using "Convert to Profile" for Epson 2200 Luster. When "Print Space:" is set to "Save as Source"
the color managed data goes straight to the printer. The dialog above is no longer part of the actual
print driver like shown in Photoshop 5.0 and 6.0!
Photoshop 7.0 "Print with Preview" command
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©1999/200
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Andrew Rodney (The Digital Dog)
thedigitaldog@earthlink.net
www.
imagingrevue.com
Photoshop 7.0 introduces the “Print with Preview” command where color management is con-
trolled instead if in the print driver. Here the dialog is set correctly for printing out a target with
NO color management. The file is untagged as seen in the “Source Space” area of the dialog.
What is critical is having the “Print Space” set as “Same as Source.” This insures that the file
undergoes no conversions and goes out to the printer correctly (untagged).
Settings for printing out the Profile Targets
In Photoshop 6.0, the target files are untagged. In this case, the RGB target is
shown in the top portion of this dialog. Source Space is Untagged. Print Space
is "Same as Source" which will send the data directly to the printer. Be sure to
set the Epson driver to "No Color Adjustment" as seen on the previous page.
Q: Where do my profiles get installed?
Depends on the operating system you are using but be sure that after
you download the profile that you decompress the file. Certain
browsers and service providers can alter the files, so be sure to
confirm that the file is not corrupt.
Here are the appropriate applications to decompress the files If you do
not already have them:
Macintosh - Stuffit Expander -
http://www.stuffit.com/mac/expander/download.html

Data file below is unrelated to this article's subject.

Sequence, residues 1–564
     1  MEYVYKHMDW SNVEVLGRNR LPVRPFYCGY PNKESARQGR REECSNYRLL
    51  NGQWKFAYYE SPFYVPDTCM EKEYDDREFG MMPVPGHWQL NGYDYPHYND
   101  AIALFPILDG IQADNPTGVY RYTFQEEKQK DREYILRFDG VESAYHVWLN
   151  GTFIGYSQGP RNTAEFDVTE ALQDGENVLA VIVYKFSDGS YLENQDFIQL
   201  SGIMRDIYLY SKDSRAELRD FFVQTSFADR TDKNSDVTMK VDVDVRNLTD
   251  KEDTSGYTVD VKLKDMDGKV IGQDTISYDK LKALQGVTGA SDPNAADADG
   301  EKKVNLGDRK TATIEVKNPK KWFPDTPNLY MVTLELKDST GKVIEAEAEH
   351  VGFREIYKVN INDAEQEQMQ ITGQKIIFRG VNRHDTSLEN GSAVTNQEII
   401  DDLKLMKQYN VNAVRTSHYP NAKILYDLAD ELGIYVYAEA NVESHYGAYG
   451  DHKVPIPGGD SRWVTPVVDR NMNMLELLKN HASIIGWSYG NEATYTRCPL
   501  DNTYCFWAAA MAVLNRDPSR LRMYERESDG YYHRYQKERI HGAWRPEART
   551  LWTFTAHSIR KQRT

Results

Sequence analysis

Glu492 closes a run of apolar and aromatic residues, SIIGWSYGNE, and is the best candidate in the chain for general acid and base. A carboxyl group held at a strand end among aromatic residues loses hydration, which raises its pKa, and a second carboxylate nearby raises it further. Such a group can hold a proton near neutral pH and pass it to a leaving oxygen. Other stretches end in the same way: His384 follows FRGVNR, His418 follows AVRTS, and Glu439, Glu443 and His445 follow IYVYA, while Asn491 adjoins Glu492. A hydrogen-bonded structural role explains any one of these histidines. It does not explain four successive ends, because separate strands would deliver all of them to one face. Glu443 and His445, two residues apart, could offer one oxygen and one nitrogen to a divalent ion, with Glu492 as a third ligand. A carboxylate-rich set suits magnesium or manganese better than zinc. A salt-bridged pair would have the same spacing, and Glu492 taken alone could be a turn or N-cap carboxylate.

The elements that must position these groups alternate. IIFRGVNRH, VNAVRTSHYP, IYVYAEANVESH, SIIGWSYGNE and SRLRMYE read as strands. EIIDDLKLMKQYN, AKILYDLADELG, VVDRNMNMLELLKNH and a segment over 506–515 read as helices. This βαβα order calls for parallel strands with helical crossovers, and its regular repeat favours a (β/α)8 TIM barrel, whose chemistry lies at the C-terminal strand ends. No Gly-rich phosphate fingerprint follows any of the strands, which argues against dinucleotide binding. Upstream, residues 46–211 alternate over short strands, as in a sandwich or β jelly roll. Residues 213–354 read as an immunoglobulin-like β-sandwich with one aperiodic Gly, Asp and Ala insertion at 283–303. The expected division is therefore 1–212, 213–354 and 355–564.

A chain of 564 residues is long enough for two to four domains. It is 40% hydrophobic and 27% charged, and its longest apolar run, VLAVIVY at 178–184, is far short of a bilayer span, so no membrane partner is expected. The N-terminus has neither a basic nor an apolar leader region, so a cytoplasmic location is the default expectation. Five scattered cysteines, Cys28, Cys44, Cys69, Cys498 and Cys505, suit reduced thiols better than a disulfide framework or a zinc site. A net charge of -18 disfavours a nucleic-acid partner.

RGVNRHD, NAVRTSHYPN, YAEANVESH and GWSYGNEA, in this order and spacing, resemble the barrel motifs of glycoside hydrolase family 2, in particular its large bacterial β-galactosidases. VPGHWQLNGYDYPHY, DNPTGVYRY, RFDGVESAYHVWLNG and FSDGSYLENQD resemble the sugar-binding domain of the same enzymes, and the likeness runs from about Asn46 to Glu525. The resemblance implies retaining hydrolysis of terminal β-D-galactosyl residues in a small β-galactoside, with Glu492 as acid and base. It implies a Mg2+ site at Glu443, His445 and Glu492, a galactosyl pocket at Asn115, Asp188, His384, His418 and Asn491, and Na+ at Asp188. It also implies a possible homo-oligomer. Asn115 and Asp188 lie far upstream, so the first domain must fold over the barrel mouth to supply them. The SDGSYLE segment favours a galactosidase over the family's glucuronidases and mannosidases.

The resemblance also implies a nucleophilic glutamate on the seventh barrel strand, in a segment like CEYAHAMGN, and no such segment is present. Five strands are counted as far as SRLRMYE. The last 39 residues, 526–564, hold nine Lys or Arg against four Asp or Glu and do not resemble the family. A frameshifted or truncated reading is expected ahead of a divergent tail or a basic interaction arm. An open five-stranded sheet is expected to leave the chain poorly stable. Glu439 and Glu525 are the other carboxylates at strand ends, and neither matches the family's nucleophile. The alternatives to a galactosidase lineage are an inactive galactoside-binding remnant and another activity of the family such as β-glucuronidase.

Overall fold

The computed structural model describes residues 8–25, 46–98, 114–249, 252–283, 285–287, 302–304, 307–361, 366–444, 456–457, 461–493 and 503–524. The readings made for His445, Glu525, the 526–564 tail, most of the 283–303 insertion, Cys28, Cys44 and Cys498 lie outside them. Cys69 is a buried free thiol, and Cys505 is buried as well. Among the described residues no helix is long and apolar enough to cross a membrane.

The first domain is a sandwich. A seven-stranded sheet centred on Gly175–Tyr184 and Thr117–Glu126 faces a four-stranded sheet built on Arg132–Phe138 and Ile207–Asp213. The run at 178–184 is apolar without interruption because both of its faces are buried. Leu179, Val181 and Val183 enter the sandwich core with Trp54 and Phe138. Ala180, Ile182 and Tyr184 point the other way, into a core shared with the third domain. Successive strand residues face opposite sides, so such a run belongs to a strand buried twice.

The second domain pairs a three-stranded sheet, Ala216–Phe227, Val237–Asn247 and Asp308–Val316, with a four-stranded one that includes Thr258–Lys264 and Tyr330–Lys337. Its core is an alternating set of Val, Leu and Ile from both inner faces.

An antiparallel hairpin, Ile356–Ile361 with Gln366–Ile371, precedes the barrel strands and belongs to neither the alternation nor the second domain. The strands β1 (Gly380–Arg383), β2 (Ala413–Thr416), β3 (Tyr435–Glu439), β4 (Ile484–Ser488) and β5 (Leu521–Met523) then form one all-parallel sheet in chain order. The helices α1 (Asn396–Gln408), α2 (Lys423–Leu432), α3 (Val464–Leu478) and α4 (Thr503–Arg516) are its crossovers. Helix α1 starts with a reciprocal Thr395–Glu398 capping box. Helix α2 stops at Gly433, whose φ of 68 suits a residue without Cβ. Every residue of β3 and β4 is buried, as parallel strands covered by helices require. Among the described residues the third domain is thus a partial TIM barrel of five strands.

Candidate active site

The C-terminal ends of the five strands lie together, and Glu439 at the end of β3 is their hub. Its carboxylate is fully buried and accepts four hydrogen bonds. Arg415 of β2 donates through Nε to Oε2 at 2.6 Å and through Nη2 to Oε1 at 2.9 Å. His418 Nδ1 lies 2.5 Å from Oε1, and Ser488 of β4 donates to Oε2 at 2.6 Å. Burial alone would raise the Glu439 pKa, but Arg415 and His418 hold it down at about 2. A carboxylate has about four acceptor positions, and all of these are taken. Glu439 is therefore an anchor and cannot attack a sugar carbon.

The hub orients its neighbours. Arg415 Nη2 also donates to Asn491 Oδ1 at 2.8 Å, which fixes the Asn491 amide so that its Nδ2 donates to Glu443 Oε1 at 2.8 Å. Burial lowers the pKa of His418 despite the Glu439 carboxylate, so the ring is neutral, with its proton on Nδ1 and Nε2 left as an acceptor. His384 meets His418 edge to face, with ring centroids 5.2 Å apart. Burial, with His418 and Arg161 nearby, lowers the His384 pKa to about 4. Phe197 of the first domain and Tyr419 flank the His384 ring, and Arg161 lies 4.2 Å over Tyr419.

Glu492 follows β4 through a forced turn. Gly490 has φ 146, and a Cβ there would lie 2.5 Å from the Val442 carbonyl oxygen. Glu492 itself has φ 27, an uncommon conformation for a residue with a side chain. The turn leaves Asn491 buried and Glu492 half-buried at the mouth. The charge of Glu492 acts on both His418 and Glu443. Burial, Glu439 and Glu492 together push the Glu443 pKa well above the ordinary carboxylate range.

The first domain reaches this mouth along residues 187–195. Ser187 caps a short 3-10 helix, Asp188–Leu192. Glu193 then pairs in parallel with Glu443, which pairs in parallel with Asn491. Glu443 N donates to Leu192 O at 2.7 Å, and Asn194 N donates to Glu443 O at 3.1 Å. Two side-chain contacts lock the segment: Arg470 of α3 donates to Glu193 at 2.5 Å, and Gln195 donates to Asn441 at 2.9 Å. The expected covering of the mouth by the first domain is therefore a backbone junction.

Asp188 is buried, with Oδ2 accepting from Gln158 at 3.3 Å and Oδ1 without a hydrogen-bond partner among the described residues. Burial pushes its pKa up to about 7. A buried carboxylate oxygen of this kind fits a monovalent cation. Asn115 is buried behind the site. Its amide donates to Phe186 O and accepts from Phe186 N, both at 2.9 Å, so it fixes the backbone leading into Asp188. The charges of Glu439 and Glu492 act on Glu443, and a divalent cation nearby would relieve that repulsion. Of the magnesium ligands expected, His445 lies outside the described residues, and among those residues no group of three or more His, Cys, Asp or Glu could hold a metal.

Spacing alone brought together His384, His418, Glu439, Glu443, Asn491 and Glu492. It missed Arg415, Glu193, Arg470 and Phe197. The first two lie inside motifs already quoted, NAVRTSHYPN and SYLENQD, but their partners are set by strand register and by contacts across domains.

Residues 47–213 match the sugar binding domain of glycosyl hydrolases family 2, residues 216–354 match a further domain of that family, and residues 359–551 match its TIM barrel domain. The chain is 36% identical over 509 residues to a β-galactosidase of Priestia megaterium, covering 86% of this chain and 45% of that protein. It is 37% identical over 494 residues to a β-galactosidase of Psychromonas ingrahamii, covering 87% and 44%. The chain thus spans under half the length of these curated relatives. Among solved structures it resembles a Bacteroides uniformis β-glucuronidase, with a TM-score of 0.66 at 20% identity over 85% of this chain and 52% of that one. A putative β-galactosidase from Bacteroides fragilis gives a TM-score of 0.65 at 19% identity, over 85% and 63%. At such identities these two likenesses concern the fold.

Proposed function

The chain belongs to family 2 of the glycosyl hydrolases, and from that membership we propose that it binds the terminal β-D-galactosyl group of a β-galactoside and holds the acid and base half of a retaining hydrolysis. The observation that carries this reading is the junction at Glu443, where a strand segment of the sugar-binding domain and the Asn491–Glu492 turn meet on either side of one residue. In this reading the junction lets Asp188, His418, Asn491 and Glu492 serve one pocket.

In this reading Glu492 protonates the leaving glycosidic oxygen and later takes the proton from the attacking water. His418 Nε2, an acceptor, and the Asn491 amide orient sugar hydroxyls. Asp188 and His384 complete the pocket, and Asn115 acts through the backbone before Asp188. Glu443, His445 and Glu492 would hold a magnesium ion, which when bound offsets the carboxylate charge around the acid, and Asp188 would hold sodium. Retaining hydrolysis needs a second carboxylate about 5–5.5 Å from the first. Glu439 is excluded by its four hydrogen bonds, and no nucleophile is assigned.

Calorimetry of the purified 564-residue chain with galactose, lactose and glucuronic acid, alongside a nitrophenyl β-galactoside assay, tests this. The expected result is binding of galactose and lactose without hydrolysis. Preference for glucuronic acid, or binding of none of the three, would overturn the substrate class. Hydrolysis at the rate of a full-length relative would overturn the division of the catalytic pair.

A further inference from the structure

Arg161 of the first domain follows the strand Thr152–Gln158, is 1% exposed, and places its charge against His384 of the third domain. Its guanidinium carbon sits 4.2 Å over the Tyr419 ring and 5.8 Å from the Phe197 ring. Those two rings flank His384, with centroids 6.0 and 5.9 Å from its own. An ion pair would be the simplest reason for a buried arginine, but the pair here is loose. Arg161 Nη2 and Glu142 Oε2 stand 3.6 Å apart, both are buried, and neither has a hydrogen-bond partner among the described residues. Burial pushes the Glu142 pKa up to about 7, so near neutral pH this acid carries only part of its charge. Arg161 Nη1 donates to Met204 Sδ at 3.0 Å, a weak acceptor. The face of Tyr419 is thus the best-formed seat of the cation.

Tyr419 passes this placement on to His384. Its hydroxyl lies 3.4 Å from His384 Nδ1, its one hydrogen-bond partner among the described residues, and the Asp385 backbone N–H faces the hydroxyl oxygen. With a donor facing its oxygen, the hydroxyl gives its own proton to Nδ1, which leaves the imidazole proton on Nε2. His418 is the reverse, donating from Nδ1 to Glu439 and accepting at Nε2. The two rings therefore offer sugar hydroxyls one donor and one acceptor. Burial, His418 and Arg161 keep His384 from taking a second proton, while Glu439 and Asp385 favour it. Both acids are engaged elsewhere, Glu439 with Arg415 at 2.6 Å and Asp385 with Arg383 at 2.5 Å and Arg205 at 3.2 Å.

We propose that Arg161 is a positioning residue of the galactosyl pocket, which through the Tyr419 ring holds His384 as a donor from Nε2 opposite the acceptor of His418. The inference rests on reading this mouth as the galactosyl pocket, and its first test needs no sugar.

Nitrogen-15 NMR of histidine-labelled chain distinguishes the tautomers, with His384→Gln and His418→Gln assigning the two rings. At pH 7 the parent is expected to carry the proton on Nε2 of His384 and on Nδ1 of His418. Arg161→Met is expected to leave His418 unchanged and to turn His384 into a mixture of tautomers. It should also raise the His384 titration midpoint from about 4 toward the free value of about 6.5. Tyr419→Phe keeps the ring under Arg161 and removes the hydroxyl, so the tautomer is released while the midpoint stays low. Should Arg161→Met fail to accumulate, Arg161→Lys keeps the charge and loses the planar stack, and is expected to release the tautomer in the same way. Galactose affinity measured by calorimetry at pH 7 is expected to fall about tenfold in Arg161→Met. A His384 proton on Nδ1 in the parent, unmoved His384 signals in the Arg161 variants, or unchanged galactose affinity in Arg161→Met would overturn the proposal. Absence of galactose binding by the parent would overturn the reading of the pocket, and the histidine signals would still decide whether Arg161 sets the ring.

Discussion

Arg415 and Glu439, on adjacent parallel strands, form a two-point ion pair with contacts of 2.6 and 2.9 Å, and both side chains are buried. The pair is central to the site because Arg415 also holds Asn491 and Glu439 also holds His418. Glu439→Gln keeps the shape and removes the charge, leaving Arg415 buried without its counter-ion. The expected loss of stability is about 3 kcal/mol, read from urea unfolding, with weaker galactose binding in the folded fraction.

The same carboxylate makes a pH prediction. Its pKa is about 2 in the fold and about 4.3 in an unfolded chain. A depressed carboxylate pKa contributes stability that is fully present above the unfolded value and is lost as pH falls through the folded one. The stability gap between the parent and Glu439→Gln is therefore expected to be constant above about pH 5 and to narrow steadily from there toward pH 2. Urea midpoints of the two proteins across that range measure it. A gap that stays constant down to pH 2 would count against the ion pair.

Windows/PC - Winzip -
http://download.winzip.com/winzip81.exe
Macintosh Running OS 9
You can simply drag and drop the uncompressed profile over your
System Folder and it will automatically be placed in the ColorSync
folder. Note that if you do NOT get a message that the ICC profile is
automatically being placed in the correct location, you may not have
uncompressed the file correctly. You can also just open the System
Folder and place the profile in the ColorSync folder. No need to restart.
Macintosh Running OS X
There are two locations where profiles can be placed and it does not
matter which you choose. We would suggest you place them here:
/Users/Library/ColorSync/Profiles/
Windows
On Windows 98 the correct path is Windows/System/Color Directory
On Windows 2000 and XP the path is
WinNT/System/Spool/Drivers/Color Directory
For more information about color management in Windows, visit:
http://www.microsoft.com/whdc/hwdev/tech/color/default.mspx
Q: I'm working on a PC and you built the profile on a Macintosh. Is this a problem?
No, not at all. Notice that we have placed the .icm extension on all
profiles we build so your PC will know what to do with the file. No